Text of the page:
Liming alters body size distribution in a community of epigeic spiders in birch forest (Betula pendula Roth)

Abstract

Key message

Liming, an ameliorative method for acidified forest soils, affected the relative abundance of prey of ground-hunting spiders and consequently reduced densities of functionally similar species of these predators.

Context

Liming, an ameliorative method for acidified forest soils, may modify the structure of an arthropod community by altering the soil characteristics and/or the availability of food resources.

Aims

We investigated the effect of liming on the community structure of ground-hunting spiders in a birch forest.

Methods

We established six experimental birch stand plots. Each stand was exposed to one of three experimental treatments: control, 1.5 t/ha, or 3 t/ha of dolomitic limestone. We collected spiders using pitfall traps during 5 years. We characterized the community in terms of activity density, species richness, community-weighted mean body size, and functional diversity and evenness in body size. We further investigated the potential links through which the liming might affect spiders, namely soil characteristics, effect of liming on birch, and densities of potential prey.

Results

The commonly used dosage of 3 t/ha reduced densities of functionally similar species which led to the reduced functional evenness in body size and increased functional divergence in body size. Liming increased soil pH only slightly but decreased the densities of spiders’ preferred prey.

Conclusion

The liming affected the community of ground-hunting spiders, at least partially, through reduced densities of their preferred prey.

Introduction

Liming is a method used to ameliorate highly acidified forest soils caused by acid rains across Europe and North America (Reid and Watmough 2014). Liming aims to enhance the availability of exchangeable calcium, neutralize the acidic inputs, and to enhance the buffering capacity of soil (Geissen et al. 1997). The increased soil pH enhances soil biological activity, litter decomposition and mineralization, and the release of nutrients that were trapped within the humus. The increased availability of Ca and released nutrients consequently enhance net primary productivity (Gradowski and Thomas 2008). In addition, liming reduces availability of potential toxic elements such as metal(loid)s (Geissen et al. 1997).

Lime application, however, remains controversial because not only positive effects but also no effect or negative effects have been observed (Reid and Watmough 2014). For example, high dosage of lime (≥ 9 t/ha) can cause immediate rapid release of soil nutrients that are not taken up by vegetation. The soil nutrients can be then washed away (Klimo and Vavříček 1991). At the initial succession stages, liming can support shrubs that outcompete and retard the growth of the fostered tree species (Lin et al. 2015). Moreover, several endangered species are associated with the low soil pH and the increase of soil pH can harm them (Buckton and Ormerod 1997). The effect of liming therefore depends on the dosage, habitat, initial conditions, temporal scale, and taxa of interest (Reid and Watmough 2014).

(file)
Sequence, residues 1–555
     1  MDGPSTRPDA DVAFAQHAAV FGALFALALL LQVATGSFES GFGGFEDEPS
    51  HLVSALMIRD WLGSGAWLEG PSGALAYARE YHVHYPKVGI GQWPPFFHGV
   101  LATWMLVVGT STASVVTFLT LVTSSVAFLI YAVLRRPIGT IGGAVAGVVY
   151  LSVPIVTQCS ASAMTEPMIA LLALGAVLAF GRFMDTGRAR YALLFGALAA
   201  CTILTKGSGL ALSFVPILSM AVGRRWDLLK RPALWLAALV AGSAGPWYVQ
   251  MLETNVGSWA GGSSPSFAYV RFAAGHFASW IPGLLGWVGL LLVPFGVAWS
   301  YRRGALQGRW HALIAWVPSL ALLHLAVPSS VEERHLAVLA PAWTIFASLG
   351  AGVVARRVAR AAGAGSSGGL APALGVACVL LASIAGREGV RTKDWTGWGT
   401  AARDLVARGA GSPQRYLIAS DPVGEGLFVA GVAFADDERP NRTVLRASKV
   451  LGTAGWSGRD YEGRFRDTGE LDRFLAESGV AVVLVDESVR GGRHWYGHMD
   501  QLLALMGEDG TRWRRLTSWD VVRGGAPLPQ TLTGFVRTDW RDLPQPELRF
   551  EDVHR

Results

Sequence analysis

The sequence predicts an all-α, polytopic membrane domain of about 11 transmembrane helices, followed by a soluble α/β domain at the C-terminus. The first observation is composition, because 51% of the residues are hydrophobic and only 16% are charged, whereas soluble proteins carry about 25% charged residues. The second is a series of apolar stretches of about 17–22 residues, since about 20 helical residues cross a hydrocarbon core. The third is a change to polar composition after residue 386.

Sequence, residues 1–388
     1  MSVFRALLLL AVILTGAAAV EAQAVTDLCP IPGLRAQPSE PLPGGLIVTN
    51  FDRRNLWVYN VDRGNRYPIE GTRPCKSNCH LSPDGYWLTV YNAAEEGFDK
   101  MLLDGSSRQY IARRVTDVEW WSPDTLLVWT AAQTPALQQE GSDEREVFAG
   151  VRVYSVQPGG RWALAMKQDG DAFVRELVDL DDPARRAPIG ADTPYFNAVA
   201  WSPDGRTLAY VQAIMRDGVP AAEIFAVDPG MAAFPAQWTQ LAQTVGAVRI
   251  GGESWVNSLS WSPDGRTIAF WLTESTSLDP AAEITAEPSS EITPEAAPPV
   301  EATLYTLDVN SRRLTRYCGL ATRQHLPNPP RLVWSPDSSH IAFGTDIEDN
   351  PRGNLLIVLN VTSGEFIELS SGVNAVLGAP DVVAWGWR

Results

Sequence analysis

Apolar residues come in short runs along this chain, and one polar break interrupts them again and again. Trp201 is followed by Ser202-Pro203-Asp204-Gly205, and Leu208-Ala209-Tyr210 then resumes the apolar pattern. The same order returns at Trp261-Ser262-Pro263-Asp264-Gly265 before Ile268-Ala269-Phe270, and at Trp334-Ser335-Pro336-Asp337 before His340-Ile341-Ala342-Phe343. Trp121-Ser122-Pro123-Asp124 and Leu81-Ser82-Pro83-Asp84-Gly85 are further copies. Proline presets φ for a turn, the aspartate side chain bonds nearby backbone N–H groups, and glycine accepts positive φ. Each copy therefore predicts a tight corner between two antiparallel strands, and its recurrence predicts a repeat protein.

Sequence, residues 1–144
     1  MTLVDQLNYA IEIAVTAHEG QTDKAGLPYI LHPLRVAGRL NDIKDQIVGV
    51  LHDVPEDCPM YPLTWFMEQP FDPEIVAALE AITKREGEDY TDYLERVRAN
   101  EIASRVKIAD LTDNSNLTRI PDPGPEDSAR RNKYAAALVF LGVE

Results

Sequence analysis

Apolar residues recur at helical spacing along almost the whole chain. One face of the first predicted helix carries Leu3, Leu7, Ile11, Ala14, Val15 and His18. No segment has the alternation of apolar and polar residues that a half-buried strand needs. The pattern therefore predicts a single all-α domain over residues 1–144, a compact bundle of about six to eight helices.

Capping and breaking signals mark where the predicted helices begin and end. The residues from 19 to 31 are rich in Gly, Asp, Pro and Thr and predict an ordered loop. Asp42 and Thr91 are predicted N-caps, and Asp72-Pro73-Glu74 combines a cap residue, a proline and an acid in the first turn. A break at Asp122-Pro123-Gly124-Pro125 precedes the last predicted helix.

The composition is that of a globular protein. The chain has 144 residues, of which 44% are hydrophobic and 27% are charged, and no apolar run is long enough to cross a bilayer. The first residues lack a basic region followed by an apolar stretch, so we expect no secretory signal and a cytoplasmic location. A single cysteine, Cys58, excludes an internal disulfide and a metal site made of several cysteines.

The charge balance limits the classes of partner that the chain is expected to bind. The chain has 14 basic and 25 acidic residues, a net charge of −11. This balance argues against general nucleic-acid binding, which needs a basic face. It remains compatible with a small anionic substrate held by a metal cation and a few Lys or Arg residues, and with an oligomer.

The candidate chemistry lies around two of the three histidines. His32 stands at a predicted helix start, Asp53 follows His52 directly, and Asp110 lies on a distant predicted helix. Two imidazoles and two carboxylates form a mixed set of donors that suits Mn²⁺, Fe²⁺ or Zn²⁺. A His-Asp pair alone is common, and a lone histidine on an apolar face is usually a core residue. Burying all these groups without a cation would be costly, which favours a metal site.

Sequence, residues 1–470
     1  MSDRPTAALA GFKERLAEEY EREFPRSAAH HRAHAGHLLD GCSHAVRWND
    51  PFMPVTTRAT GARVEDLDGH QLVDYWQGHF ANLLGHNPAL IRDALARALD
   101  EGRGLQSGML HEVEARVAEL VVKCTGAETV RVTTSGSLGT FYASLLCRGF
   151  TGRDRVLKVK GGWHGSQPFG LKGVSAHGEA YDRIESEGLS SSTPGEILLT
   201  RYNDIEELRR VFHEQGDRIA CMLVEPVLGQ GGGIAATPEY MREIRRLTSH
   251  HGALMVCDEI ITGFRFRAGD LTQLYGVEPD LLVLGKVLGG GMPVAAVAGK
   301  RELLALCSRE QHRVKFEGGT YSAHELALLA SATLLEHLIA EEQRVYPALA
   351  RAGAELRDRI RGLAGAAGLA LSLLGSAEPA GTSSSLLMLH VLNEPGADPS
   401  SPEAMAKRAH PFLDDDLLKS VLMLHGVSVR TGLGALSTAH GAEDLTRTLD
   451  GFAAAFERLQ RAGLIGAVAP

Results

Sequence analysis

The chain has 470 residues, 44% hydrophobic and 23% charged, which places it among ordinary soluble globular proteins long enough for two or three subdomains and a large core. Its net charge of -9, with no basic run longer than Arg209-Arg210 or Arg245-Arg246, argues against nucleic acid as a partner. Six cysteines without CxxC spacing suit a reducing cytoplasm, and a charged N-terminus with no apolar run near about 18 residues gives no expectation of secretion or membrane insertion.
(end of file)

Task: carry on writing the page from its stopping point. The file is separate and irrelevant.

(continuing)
All studies investigating the effect of liming on animal diversity explored the taxonomic diversity. No study so far has evaluated the effect of liming in terms of functional diversity. The functional approach that is accompanied by investigation of abiotic and biotic factors could help to better understand the mechanisms by which liming affects focal communities (Cadotte et al. 2011). The functional approach can also help to identify the functional traits that may be especially prone to liming. This might be useful for conservationists that could decide whether to apply liming in a given area depending on the presence of endangered species with such functional traits that could make them likely to disappear after lime application. In addition, the impact of liming on the functional composition of a focal community can help to predict further impacts on ecological dynamics (Rusch et al. 2015).

Functional diversity has several components that need to be investigated together to provide complete insight into the community structure (Mason et al. 2005). First is the community-weighted mean (CWM), which is the mean value of a trait in a community weighted by species’ relative abundances (Lepš et al. 2006). Second is the functional diversity index (FD), which can be seen as a quantification of divergence in functional niche space among species in a community (de Bello et al. 2016). This may quantify the degree of niche differentiation and competition for resources (Mason et al. 2005). Third is the functional evenness (FEve), which can be seen as an estimation of the distribution the biomass of a community in functional niche space. This indicates how effective is the utilization of the entire range of available resources by the community (Mason et al. 2005).